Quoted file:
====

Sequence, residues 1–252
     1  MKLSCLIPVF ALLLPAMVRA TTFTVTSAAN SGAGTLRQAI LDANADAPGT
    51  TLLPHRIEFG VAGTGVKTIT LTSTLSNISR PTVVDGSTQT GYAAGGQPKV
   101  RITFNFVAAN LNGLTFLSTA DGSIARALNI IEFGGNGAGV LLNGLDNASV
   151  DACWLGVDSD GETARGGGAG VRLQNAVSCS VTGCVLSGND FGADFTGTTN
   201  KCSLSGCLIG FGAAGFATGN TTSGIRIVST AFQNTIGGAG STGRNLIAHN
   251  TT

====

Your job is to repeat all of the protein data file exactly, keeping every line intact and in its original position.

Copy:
Sequence, residues 1–252
     1  MKLSCLIPVF ALLLPAMVRA TTFTVTSAAN SGAGTLRQAI LDANADAPGT
    51  TLLPHRIEFG VAGTGVKTIT LTSTLSNISR PTVVDGSTQT GYAAGGQPKV
   101  RITFNFVAAN LNGLTFLSTA DGSIARALNI IEFGGNGAGV LLNGLDNASV
   151  DACWLGVDSD GETARGGGAG VRLQNAVSCS VTGCVLSGND FGADFTGTTN
   201  KCSLSGCLIG FGAAGFATGN TTSGIRIVST AFQNTIGGAG STGRNLIAHN
   251  TT